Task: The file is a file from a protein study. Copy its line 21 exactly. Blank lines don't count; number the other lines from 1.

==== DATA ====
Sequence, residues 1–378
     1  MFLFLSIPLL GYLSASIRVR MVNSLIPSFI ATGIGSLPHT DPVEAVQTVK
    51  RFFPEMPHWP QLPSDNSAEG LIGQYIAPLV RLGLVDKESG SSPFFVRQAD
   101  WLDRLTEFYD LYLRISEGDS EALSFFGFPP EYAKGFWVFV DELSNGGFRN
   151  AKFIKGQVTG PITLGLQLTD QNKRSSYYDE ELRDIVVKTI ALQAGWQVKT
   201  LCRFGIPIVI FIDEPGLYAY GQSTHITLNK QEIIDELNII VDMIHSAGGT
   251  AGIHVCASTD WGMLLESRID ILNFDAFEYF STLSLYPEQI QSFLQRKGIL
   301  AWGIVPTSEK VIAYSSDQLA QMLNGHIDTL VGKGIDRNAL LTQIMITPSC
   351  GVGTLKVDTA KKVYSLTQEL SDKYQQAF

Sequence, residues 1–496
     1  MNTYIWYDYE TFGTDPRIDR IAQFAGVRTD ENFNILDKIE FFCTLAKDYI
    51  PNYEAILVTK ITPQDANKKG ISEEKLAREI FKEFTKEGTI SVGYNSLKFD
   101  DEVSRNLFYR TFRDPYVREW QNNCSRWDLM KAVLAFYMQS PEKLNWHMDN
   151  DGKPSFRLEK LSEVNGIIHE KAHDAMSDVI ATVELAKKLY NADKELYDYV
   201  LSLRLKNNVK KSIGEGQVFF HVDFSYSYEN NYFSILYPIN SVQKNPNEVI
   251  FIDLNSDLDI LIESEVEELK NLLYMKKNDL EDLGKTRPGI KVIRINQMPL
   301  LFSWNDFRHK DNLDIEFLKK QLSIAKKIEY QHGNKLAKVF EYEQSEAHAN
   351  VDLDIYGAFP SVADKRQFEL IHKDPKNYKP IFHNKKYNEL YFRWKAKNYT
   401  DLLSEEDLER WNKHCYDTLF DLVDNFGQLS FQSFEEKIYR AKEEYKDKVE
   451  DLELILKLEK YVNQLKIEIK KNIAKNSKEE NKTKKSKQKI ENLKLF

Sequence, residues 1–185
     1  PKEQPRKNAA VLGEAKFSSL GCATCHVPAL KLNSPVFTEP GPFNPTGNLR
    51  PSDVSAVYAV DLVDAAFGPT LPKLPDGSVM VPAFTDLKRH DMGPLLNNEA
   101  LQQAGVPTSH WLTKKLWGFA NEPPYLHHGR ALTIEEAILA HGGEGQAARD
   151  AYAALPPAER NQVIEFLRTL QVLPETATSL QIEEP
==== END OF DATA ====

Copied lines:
Sequence, residues 1–185